Russia Upset At U.S.-Ukraine Missile Defense Talks

MOSCOW, Russia -- Russia said on Thursday it was worried about U.S. talks on the use of Ukrainian radar stations as part of a revised missile defense shield, a step that could hinder efforts to reset ties between the two Cold War foes.

Early-warning radar station at Mukachevo, Ukraine.

Russia, which is extremely sensitive to any hint of U.S. cooperation with former Soviet republics, initially welcomed President Barack Obama's scrapping of Bush-era plans for a missile defense system in central Europe.

But Moscow has been irked by a U.S. statement that countries like Ukraine could contribute early warning information as part of the revised shield plan and reports that talks between the U.S. and Ukraine on the issue had already begun.

"We feel concerned," Russian Deputy Foreign Minister Sergei Ryabkov was quoted by RIA news agency as saying when asked about the possible use of Ukrainian radars by the United States.

"To say we are encouraged about the information we are getting about contacts on this subject would be, to put it mildly, an exaggeration," Itar-Tass quoted Ryabkov as saying.

The comments indicate a further setback in efforts to reset ties between the two Cold War foes after rows in recent years over the 2008 war in Georgia, NATO enlargement toward Russia's borders and missile defense.

Since Obama's revision of the Bush-era missile plans, Moscow has said the system now being proposed leaves many questions unanswered and the Kremlin has refused to publicly support Washington's stance on Iran.

RADAR STATIONS

The administration of former U.S. President George W. Bush had planned to deploy interceptor missiles in Poland and a radar in the Czech Republic to repel potential attacks from Iran.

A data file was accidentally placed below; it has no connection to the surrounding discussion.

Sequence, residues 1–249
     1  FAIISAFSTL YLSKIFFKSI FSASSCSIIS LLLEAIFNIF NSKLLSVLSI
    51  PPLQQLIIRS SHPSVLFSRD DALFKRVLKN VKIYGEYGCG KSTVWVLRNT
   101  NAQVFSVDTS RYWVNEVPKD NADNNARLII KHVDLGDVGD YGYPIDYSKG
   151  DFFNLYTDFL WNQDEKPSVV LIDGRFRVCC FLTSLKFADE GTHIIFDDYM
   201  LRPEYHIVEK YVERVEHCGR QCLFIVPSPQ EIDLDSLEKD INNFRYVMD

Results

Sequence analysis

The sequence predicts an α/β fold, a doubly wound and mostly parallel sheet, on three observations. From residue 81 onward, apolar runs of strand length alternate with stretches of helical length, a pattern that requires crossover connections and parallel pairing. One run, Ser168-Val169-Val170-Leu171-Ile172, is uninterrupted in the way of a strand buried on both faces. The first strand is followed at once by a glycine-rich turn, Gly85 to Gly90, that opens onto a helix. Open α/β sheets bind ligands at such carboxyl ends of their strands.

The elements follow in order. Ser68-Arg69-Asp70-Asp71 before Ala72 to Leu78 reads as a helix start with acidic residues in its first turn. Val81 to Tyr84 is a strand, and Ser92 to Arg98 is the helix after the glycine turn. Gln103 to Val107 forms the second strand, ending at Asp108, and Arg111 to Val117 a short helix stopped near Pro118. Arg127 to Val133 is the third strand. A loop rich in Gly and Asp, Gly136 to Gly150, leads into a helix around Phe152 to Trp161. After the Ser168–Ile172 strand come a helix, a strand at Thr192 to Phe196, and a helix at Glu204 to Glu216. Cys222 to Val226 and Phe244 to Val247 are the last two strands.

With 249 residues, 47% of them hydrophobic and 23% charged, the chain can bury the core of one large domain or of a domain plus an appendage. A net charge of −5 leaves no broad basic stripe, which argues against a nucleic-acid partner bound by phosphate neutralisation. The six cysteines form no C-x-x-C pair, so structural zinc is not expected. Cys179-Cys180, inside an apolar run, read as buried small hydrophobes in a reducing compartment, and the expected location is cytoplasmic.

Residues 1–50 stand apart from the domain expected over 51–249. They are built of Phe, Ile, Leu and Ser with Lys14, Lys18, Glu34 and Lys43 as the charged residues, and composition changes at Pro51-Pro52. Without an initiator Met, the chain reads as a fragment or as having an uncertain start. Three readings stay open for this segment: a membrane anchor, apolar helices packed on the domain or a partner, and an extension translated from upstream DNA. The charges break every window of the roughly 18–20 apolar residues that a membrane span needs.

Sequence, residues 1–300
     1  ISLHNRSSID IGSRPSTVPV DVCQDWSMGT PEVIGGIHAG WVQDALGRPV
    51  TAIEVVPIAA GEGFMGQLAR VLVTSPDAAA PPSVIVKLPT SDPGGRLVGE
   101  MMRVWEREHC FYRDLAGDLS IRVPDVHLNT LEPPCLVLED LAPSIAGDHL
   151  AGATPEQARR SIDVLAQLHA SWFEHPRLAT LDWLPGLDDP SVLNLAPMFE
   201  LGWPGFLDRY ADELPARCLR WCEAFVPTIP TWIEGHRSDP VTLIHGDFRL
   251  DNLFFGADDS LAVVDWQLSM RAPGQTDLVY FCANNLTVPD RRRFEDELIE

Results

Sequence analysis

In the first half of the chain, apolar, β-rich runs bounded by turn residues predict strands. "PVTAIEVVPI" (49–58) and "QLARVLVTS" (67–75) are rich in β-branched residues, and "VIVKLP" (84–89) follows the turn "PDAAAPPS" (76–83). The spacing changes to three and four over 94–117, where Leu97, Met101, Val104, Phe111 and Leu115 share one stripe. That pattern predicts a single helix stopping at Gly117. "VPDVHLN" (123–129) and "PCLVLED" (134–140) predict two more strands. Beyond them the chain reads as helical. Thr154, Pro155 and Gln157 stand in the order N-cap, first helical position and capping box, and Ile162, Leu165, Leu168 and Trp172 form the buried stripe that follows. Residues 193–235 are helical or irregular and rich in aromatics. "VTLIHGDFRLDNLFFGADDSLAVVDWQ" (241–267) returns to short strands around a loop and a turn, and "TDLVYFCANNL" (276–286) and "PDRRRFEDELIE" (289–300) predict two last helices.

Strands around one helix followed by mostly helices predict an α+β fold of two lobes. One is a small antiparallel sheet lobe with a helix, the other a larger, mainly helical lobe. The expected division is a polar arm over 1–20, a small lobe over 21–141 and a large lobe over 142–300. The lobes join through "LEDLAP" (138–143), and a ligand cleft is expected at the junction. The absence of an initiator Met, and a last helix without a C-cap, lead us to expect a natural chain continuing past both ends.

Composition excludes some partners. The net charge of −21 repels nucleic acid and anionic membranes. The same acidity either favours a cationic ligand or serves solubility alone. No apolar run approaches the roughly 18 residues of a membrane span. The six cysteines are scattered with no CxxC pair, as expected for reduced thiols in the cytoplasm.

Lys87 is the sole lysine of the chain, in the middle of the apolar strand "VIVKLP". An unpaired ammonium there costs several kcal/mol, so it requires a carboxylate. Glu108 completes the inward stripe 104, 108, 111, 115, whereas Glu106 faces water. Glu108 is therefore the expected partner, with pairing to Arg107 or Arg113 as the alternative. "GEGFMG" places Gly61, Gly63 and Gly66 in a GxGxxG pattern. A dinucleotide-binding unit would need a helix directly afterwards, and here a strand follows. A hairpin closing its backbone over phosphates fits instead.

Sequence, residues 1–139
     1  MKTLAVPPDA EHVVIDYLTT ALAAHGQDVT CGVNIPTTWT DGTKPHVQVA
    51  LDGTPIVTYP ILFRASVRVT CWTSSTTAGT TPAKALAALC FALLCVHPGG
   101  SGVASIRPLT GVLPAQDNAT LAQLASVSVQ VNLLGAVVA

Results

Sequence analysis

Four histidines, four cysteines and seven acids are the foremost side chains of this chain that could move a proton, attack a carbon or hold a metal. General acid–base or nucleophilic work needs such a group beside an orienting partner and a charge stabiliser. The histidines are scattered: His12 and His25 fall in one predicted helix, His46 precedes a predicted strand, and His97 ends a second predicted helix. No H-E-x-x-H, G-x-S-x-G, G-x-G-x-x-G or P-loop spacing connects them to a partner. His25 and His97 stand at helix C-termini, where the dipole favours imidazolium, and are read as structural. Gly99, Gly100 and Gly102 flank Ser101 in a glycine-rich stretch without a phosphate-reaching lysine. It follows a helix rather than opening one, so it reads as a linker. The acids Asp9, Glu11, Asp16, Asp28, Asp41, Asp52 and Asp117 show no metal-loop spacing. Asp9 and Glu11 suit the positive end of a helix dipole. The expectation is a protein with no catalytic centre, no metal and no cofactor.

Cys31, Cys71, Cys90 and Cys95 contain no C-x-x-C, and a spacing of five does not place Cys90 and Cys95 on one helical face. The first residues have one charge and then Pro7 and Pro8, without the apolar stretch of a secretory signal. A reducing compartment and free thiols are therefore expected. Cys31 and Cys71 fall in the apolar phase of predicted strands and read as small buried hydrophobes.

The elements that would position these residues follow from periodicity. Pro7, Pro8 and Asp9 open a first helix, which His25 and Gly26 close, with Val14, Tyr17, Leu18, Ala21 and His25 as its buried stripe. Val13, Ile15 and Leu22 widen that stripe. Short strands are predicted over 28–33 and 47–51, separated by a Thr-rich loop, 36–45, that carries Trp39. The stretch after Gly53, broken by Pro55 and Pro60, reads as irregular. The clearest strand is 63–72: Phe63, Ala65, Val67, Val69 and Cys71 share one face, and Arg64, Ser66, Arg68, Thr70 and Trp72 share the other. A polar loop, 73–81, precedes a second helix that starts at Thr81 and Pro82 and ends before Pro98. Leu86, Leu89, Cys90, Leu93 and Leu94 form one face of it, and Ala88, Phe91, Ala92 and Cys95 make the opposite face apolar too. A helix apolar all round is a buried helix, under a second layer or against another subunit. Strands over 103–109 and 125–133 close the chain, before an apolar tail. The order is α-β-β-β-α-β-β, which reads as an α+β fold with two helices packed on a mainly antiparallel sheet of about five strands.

The plans were deeply opposed by Moscow as Russian generals said the system could have been used to neutralize Russia's vast nuclear deterrent. They brushed aside U.S. assurances that the plans were not aimed at Russia.

Under Obama's new plans, sea and land-based missile interceptors would be deployed in Europe and the system would not require one large fixed radar center in Europe.

Ukraine's ambassador to the United States, Oleh Shamshur, was quoted by Russian news agencies as saying that talks with Washington on the use of radar stations had already begun.

"This issue is in the process of working discussions. It is still at a beginning stage," Interfax cited Shamshur as saying. He added that previous Ukrainian leaders had backed this idea.

Shamshur suggested Russia had missed its chance to use information from Ukrainian radars.

"We are also talking about the question of using our defense radars across Ukraine's territory, which, as you all know, Russia has declined to use," Shamshur was quoted as saying.

Shamshur's comments appeared to relate to possible use by Washington of two Soviet-era early alert stations at Mukachevo in western Ukraine and one near the Black Sea port city of Sevastopol. Ukraine's foreign ministry declined to comment.

President Viktor Yushchenko was in Brussels on Thursday and his office had no immediate comment on Shamshur's remarks.

But on October 12 Yushchenko said at a meeting of Commonwealth of Independent States leaders in Moldova that Ukraine was ready to contribute these two facilities to a collective world and European security system.

Source: The Washington Post

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